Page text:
A 6.7 percent growth rate – the lowest in four years – isn’t exactly a great anniversary gift. And for a government that came to power promising high growth, a four-year average of 7.3 percent may not be something to go to town over, though that’s not bad considering the shock of demonetisation and goods and services tax (GST). At the same time, comparisons with the 7.8 percent 10-year average of the United Progressive Alliance (UPA) government are specious, because of the different time spans and also because of the methodology change. There’s really no point going on with that 'if it were the old method the growth would be lower' line. Under the old method, the last few years of the UPA were disastrous, let’s not forget.
Back to the Modi government’s performance in 2017-18. Only three sectors did better than last year – construction, trade, hotels, communication and broadcasting-related services and financial, real estate and professional services. Of these three, only construction showed a big jump, but that was thanks to a low base – from 1.3 percent to 5.7 percent.
What is particularly worrying is that the investment rate has remained stagnant at 28.5 percent since 2015-16. Growth is being driven primarily by private consumption, the share of which now stands at 59.1 percent. Government expenditure has also been slowly increasing – from 10.4 percent in 2015-16 to 11.4 percent in 2017-18. Growth in all three heads of expenditure was lower than in 2016-17.
But could this investment drought be coming to an end? A quarter on quarter analysis shows that it might. Growth in gross fixed capital formation – the share of which in gross domestic product (GDP) is the investment rate - has been moving up since Q1 (April-June) of 2017-18 when it was stagnant at 0.8 percent. It moved up to 6 percent in Q2 (July-September), 9 percent in Q3 (October-December) and touched a high of 14.4 percent in Q4 (January-March).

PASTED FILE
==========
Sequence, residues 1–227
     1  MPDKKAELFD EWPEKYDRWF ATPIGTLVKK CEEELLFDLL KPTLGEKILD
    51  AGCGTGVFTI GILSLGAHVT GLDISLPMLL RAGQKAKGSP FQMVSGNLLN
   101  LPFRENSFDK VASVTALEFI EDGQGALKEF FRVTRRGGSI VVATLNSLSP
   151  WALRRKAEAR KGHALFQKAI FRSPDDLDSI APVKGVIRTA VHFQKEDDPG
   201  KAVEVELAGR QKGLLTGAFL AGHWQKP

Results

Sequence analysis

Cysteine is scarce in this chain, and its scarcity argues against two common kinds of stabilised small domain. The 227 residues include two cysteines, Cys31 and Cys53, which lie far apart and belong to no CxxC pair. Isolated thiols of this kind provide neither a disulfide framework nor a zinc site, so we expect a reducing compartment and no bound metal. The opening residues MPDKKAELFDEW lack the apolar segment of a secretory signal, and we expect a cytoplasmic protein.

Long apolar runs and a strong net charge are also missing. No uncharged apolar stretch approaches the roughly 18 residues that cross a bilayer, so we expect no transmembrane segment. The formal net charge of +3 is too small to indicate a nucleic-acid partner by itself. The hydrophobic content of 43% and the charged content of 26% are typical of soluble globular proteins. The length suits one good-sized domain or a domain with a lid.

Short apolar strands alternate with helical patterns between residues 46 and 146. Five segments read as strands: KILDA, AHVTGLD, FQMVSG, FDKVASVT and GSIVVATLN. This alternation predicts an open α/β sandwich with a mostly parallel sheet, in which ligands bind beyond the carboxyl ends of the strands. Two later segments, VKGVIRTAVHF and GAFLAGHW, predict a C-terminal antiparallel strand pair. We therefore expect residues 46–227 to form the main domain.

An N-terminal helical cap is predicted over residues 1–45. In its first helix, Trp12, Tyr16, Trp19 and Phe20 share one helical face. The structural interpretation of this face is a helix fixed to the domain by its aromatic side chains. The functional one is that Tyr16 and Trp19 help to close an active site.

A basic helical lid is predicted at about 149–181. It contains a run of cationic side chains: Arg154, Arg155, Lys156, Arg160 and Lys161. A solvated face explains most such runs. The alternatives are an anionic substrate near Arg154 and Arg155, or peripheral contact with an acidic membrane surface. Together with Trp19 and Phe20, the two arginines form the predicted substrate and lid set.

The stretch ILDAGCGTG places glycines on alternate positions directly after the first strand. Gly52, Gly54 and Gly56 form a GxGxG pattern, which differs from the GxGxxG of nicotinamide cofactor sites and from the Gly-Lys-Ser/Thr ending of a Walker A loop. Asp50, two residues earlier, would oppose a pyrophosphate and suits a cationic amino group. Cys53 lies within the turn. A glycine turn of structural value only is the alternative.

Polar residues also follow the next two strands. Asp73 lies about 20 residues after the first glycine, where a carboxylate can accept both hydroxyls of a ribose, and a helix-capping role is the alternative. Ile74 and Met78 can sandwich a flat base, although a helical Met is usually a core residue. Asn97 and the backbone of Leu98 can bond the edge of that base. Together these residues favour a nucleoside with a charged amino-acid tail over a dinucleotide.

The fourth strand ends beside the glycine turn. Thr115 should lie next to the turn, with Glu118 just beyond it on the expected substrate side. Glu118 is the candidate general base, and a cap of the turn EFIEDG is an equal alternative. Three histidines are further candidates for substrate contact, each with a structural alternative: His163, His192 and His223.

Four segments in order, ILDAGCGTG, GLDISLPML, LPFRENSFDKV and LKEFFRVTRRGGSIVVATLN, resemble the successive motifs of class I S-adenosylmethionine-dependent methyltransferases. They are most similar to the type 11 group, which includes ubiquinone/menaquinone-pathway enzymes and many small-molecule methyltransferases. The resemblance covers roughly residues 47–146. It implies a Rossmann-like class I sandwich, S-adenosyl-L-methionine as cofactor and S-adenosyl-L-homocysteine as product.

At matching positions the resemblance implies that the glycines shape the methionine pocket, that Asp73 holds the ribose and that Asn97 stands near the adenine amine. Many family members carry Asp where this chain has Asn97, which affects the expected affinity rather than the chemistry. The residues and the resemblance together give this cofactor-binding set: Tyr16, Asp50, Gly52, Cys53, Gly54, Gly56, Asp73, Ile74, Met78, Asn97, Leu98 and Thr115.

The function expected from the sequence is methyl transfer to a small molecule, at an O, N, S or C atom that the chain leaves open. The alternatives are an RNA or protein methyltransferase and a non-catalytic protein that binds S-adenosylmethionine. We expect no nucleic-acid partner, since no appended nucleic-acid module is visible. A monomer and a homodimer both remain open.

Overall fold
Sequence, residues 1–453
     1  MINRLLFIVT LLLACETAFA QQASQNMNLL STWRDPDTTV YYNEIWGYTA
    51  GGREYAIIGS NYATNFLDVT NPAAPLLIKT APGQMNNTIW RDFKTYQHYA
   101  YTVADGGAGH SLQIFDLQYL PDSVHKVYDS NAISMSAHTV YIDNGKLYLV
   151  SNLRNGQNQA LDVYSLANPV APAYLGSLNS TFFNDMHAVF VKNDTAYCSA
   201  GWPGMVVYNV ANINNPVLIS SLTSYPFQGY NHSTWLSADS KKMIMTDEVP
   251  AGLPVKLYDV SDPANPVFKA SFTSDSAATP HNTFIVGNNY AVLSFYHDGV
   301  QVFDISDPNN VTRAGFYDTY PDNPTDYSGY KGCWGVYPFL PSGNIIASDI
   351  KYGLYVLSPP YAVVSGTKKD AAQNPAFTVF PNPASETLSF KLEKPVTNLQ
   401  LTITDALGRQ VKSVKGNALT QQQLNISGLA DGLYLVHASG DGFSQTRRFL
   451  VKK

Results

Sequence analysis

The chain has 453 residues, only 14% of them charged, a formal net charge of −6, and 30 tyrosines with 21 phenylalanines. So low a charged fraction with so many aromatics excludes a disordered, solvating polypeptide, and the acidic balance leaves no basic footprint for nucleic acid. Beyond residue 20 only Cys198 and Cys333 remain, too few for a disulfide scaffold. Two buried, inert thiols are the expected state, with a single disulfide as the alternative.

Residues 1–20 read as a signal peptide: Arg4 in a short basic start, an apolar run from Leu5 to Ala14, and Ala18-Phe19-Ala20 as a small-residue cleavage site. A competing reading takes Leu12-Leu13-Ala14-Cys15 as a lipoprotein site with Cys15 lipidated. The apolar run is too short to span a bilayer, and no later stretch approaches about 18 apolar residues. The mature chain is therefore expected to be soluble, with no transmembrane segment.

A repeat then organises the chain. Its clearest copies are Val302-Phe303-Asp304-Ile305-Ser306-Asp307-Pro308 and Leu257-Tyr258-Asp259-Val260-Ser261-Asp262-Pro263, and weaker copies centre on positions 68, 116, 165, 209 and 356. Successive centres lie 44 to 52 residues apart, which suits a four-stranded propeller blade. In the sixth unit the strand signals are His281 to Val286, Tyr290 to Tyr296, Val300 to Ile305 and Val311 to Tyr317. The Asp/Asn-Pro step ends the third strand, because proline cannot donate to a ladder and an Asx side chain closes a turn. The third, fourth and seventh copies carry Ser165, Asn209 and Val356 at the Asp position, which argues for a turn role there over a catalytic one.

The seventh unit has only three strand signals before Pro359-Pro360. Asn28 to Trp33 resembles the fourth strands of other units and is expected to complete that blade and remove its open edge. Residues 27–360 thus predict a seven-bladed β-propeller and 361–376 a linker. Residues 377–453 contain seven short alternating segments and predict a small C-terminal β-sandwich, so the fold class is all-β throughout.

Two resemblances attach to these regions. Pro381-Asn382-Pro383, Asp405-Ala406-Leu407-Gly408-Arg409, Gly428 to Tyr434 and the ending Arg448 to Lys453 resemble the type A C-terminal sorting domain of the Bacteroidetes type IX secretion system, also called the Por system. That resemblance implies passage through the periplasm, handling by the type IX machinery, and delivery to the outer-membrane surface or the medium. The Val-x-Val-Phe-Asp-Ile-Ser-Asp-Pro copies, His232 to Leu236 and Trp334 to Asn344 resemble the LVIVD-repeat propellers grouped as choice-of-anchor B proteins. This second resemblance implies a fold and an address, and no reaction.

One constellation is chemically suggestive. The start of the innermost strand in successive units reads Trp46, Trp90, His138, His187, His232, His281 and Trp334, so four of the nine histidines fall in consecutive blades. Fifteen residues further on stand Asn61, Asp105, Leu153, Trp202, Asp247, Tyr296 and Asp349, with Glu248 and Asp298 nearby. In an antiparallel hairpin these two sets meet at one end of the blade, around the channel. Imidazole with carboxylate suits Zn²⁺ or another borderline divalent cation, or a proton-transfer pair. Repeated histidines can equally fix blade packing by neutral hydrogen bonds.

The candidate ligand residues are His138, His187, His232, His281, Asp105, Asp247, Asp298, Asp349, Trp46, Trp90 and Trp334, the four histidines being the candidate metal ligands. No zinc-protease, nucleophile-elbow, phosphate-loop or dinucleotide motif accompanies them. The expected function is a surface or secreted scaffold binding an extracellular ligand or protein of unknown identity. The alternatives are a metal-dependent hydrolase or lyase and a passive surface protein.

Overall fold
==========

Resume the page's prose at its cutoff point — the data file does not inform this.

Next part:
Now, this ties in with the improved capacity utilisation data in the Reserve Bank of India’s (RBI) quarterly OBICUS (order books, inventories, capacity utilisation survey). Capacity utilisation moved up from 71.2 percent in Q1 to 71.8 percent in Q2 to 74.1 percent in Q3. There has been a similar inching up new orders. Industry is hardly likely to invest in fresh capacities if existing ones are idle or if new orders are not coming in. On 15 May, the Economic Times had reported that India Inc ‘s capital expenditure announcements over the past four months totalled Rs 50,000 crore.
A word of caution, however, is in order. ICRA’s principal economist Aditi Nayar points out that the investment revival may not be broad-based as companies are adding fresh capacities in limited sectors. The spike in the investment rate in Q4, she says, may be because of an expansion in the central government’s capital spending in that quarter. There has actually been a 7.1 percent contraction in capital spending by 10 state governments that ICRA has studied and the value of new projects and completed projects also contracted in Q4.
In fact, a Crisil research report on the four-year economic record of the Modi government had made a similar point – about the lack of a broad-based investment recovery because of underutilised capacity and high leverage of companies. It noted that private non-financial corporation investment had improved in 2016-17 but this could be because of a few big-ticket projects, notably in telecom.